• About Transfer Duty

     

    Transfer duty is a general tax imposed under the Duties Act 2008 (‘Duties Act’) on dutiable transactions over dutiable property (whether documented or not) including transfers of real estate and certain business assets.

    For a detailed overview on transfer duty, please refer to the Duties Fact Sheet ‘Transfer Duty Overview' or watch the video.

    Please note - A duty liability may exist within the Indian Ocean Territories as if they were Western Australia.
    See details of the arrangement between Western Australia and the Commonwealth.

     

    Dutiable Property

    Dutiable property is defined as:house

    Dutiable property also includes new dutiable property and special dutiable property.

    New Dutiable Property   Special Dutiable Property
    • land in WA, including an estate or interest in land
    • an option to acquire dutiable property, unless part of a simultaneous put and call option over dutiable property
    • a right to acquire dutiable property
    • certain business assets including
      • intellectual property,
      • a restraint of trade arrangement, and
      • a business identity
     
    • a life or remainder interest in land
    • a lease, if consideration is paid, or agreed to be paid, for the surrender of the lease
    • an easement or right of way
    • part or all of a mining tenement, if the surrender is made in contemplation of, or as part of an agreement that, it will be granted to or acquired by another person
    • a right under an application under the Mining Act 1978 for a mining tenement if consideration is paid for the transaction

    Dutiable Transactions

    Transfer duty is imposed on dutiable transactions. Transactions that are not dutiable are not subject to transfer duty. Some transactions may be exempt from duty or eligible for nominal duty.

    The following are dutiable transactions:   The following are not dutiable transactions:
     
    • a transaction the subject of which is a right, unless there is consideration paid for the transaction
    • a transfer, or agreement to transfer, a lease, unless there is a consideration paid for the transaction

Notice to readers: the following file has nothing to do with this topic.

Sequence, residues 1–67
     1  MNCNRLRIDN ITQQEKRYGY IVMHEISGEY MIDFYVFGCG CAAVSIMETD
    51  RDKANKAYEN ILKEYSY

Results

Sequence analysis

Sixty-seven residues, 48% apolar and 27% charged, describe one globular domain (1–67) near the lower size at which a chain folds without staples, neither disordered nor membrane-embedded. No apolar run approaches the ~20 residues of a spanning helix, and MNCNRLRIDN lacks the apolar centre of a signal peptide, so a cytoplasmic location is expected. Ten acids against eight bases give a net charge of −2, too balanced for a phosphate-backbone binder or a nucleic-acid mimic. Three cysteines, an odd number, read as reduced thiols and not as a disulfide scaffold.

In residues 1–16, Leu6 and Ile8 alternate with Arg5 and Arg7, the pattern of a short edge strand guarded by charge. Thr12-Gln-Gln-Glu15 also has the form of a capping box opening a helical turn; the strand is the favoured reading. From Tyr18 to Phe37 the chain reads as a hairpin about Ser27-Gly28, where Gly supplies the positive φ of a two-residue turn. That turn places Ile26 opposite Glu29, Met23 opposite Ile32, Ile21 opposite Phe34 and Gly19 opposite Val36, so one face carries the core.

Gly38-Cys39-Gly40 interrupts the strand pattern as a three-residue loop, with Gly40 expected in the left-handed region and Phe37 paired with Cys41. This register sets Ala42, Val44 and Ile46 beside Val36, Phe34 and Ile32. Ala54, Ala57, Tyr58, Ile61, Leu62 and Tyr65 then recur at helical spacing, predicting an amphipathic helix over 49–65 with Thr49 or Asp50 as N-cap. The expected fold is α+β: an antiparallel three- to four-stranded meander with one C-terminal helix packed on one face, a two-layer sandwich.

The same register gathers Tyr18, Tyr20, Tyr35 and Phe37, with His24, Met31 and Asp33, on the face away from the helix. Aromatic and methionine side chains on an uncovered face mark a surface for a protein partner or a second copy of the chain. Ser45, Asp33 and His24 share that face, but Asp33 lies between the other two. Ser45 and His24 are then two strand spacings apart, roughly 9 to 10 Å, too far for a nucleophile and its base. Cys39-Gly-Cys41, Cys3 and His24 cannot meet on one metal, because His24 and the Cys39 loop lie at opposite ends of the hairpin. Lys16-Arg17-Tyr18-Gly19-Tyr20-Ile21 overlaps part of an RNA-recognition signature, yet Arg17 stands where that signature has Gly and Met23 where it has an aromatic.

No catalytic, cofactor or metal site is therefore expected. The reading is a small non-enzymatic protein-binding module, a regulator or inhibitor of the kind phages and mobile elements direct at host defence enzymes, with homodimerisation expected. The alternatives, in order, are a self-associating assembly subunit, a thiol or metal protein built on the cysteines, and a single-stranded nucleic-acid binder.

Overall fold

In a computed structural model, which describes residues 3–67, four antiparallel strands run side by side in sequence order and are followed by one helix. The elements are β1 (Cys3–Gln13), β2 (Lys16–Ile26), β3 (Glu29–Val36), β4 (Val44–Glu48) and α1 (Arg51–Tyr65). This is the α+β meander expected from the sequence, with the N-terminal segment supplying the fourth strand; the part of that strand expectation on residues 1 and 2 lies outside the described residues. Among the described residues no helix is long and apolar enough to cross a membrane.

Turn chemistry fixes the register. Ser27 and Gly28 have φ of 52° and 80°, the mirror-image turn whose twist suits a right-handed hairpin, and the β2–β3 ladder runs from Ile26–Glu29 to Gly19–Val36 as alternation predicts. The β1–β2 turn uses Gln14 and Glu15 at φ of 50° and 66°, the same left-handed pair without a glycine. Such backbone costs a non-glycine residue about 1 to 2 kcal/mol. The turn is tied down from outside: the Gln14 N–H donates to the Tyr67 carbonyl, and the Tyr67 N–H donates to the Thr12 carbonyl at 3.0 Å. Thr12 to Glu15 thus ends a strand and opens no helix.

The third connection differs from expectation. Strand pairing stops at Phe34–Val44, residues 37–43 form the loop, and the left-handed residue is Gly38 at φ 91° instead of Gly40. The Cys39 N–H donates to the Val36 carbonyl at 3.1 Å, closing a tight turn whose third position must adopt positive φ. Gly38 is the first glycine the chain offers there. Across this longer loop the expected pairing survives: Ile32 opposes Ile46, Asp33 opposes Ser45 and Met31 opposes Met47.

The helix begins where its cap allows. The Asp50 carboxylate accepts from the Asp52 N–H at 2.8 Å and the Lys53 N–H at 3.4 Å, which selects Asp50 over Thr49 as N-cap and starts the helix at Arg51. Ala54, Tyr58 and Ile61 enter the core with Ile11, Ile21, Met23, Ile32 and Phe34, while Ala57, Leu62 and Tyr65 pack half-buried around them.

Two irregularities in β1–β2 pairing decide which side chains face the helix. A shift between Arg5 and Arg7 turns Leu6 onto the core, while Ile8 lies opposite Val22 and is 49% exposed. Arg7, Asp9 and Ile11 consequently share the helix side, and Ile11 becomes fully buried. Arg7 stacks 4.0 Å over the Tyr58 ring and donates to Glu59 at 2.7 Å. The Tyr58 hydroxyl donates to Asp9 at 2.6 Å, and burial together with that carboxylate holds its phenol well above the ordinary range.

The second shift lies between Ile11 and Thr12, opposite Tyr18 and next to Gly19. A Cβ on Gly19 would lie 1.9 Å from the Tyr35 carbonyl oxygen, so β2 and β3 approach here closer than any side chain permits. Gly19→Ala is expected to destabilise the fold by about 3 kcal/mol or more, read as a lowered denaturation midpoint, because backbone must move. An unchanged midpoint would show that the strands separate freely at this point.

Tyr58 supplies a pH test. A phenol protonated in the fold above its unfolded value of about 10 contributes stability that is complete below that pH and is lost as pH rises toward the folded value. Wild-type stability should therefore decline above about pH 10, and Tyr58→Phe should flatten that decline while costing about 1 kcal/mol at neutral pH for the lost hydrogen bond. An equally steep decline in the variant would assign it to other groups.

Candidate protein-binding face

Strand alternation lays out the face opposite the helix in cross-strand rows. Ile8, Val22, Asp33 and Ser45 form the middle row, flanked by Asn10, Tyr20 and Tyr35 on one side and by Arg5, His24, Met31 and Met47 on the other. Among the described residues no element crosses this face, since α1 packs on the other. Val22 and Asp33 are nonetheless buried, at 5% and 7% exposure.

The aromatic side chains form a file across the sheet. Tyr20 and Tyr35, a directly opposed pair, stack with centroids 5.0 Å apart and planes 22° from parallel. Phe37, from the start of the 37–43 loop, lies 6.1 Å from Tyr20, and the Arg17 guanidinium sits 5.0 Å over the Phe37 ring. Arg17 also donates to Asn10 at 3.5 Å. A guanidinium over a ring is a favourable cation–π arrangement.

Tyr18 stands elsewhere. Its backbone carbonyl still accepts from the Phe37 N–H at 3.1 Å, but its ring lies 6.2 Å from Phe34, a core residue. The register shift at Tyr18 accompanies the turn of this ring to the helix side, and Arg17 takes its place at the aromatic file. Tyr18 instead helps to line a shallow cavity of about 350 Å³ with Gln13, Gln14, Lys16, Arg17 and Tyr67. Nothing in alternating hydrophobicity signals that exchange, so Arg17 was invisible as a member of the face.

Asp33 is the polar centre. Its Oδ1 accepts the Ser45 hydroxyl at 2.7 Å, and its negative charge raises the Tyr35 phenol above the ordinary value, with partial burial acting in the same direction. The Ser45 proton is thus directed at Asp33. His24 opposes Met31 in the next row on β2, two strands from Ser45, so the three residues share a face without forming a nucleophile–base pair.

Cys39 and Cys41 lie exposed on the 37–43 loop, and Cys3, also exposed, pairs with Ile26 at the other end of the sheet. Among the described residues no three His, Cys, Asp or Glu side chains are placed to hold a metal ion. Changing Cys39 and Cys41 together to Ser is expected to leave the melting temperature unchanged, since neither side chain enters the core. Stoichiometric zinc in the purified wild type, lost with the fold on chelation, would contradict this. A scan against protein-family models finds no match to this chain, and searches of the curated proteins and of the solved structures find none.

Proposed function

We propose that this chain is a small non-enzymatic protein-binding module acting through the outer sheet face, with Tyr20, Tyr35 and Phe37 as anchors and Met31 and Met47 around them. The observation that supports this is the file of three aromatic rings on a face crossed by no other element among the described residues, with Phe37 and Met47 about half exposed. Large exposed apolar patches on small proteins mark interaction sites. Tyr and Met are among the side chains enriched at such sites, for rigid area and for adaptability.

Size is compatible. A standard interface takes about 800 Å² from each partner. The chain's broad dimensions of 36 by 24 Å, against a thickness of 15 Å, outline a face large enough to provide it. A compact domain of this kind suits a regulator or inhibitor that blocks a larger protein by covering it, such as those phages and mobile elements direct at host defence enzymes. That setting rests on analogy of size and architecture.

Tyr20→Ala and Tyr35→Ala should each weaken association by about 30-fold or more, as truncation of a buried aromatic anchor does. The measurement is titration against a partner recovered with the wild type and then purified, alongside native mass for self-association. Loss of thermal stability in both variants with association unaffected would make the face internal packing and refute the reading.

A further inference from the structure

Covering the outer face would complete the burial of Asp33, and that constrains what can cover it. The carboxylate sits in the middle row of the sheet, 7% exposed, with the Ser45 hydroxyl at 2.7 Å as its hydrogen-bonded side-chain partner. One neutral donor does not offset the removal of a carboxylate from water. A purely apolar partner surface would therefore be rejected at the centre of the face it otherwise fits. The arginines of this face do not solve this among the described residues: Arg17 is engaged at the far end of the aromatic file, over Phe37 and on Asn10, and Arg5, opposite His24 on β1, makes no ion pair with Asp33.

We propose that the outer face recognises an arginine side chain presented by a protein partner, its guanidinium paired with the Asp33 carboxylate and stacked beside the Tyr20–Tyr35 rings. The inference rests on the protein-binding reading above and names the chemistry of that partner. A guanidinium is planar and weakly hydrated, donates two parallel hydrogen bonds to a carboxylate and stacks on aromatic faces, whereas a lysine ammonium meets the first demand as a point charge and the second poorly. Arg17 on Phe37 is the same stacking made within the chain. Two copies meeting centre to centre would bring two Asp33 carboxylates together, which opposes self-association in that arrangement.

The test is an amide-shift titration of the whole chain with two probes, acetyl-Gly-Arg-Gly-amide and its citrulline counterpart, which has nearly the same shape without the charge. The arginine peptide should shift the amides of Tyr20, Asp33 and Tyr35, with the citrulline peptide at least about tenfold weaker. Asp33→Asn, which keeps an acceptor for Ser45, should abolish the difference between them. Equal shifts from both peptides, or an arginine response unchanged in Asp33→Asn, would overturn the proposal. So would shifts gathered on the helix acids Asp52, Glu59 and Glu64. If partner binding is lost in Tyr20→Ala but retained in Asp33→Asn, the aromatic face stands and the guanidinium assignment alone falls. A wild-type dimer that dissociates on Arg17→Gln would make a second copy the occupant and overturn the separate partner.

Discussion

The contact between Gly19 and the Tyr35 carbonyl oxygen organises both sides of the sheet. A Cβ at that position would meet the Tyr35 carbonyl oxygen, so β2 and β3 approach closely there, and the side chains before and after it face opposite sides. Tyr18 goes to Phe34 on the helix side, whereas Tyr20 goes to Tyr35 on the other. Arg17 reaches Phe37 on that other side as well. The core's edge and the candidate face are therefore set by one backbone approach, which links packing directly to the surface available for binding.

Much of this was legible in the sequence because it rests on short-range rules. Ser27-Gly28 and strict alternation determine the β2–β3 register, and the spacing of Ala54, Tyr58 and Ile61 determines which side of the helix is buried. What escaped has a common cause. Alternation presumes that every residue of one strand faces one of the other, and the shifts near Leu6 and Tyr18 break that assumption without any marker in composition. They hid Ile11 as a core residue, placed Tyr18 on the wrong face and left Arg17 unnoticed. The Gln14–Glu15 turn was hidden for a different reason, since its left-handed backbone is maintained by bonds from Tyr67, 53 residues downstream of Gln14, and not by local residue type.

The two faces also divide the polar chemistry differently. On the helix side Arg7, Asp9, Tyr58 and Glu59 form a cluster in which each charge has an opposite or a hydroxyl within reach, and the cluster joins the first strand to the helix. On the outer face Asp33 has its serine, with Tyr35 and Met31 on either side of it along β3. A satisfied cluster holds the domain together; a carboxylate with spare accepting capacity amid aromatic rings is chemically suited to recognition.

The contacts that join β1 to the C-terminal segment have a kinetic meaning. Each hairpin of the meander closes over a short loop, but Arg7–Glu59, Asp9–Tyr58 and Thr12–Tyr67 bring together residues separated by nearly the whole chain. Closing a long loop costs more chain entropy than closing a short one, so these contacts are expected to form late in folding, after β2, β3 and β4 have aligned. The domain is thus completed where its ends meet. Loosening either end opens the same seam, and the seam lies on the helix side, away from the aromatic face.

• a transfer, or agreement to transfer, a security interest where the consideration for the transfer is equal to or greater than the market value of the security interest
    • a transaction over a unit in a unit trust

    The Office of State Revenue does not endorse documents executed on or after 1 July 2008 that do not effect a dutiable transaction.

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    Do I have to pay duty?

    The time at which liability for duty arises varies depending on the type of dutiable transaction.  In most cases this is the date the document evidencing the transaction is signed.  For example, liability for duty on an agreement to transfer dutiable property, such as a contract for sale for the purchase of land, will be when the agreement is first made (i.e. when the contract is executed by both parties).

    The person liable to duty is generally the purchaser, transferee or acquirer.

    For more information, see the Assessment of Transfer Duty page.

    Information about lodging a transaction document for assessment and paying transfer duty can be found on the Lodgments and Payments page.

     

    Substituted transferees and disclosure of agency relationships (no double duty)

    exchangeDetails of the purchaser(s) of the dutiable property must be provided in full and must include whether the property is to be held as joint tenants or tenants in common. Where information is not clearly included about the type of tenancy or the percentage of each party’s ownership, it will be presumed the ownership is tenants in common in equal shares.

    Additional duty may be payable where:

    In limited circumstances, duty is not chargeable on a transfer where the person named as the transferee differs from the person named in the agreement as the purchaser.  Application form FDA14 'Substituted Transferees' must be submitted with the transaction documents (e.g. offer and acceptance, transfer of land form) for the transfer of land to be endorsed ‘No Double Duty’. For further information see Duties Fact Sheets 'Substituted Transferees' and 'No Double Duty'.

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